genes and potential cancer therapy

RAS is one of the most commonly mutated gene families in human cancers – one of its three members (KRAS, HRAS and NRAS) is mutated in about 20% of human tumours. Attempts to target mutant RAS proteins directly with small-molecule inhibitors have so far proved unsuccessful, so there has been considerable interest in finding signalling pathways that function downstream of RAS and whose blockade might be selectively toxic to tumour cells. Two papers in Nature 5th November 2009 provide evidence that targeting one such pathway, the NF- KB signalling pathway, may be an effective approach to treat RAS-mutant tumours such as lung cancers. Barbie et al.’ (page 108) identify a component of the NF-KB pathway as a potential target in RAS-mutant cancer cells, and Meylan et al’ (page 104) show that inhibition of NF-KB signalling impairs tumour formation in a mouse model ofRAS-induced lung cancer. The NF-KB transcriptional program control is a multitude of cell functions, most notably the regulation of cell death and inflammation
The use of the RNA-interference technique to selectively inhibit gene expression, together with knowledge of the full sequence of the human genome, has made possible large-scale functional genomic screens. In these, each gene in the genome (or at least a significant proportion of genes) is silenced one by one, and the effect on cell function is assayed. This approach has recently been used to investigate which genes, when silenced, kill cells bearing mutant RAS but not cells that lack this mutation so-called synthetic lethal interactions. Barbie et al’ looked for synthetic lethal interactions in a panel of cell lines, some of which had activating mutations in KRAS. The authors inhibited genes thought to be important for the development of cancer and identified several genes whose reduced activity seemed to selectively kill the RAS-mutant cells. After KRAS itself, silencing the gene TBK1, an upstream regulator of the NF-KB pathway, was most effective for selectively killing RAS-mutant cells. TBK1 is thought to activate NF-KB by phosphorylating IKB, an F-KB inhibitor. It also activates other transcription factors involved in inflammatory responses, such as IRF3 and IRF7 .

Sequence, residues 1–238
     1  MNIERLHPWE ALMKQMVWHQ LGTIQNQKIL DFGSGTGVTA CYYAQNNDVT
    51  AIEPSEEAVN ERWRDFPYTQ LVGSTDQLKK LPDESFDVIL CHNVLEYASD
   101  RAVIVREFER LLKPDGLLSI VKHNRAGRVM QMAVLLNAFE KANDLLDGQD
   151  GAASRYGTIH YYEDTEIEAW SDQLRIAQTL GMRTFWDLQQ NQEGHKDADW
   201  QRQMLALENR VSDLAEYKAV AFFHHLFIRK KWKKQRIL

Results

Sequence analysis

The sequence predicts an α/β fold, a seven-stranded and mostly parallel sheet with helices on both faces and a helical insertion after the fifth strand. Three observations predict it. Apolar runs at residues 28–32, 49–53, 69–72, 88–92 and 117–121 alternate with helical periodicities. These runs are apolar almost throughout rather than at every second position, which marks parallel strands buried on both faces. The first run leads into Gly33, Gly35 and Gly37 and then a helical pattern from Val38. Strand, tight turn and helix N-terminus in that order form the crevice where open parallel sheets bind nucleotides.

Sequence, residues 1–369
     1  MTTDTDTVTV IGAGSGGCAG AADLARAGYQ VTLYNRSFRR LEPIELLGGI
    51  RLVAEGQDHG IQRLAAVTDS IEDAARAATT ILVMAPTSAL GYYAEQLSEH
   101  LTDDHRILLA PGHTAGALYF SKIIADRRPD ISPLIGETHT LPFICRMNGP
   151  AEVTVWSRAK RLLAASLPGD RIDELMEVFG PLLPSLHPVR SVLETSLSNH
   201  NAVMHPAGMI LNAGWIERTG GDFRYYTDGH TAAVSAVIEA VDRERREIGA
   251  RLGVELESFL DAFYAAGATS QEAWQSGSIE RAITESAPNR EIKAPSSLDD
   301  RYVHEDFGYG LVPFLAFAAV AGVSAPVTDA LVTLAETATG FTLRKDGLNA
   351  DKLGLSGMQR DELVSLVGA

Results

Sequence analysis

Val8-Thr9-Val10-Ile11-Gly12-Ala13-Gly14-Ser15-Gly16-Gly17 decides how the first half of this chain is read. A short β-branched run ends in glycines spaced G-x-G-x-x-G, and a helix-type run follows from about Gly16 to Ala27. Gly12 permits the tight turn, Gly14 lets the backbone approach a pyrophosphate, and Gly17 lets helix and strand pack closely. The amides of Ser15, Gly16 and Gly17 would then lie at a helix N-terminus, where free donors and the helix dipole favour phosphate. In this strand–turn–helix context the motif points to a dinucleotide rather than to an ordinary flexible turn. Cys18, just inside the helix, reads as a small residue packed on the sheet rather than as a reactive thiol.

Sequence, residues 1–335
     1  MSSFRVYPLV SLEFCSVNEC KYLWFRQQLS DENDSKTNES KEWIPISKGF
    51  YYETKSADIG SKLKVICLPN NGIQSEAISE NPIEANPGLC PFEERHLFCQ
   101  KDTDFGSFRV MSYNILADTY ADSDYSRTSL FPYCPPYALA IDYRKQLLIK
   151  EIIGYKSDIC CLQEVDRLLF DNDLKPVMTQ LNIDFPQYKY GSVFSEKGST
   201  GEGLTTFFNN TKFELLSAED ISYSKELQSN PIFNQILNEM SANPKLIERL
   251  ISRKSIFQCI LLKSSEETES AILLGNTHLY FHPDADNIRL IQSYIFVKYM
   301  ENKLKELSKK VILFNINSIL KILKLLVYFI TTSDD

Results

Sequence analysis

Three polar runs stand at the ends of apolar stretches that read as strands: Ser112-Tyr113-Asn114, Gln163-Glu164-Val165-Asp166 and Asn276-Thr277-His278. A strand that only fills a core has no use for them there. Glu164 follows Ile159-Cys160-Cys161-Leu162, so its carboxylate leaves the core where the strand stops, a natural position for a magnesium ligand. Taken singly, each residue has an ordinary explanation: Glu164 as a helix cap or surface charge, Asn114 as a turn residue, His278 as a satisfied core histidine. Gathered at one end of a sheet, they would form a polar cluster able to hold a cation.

Downward 2009 A tumour gene’s fatal flaws Nature vol 462 pp 44-45

Martin Eastwood
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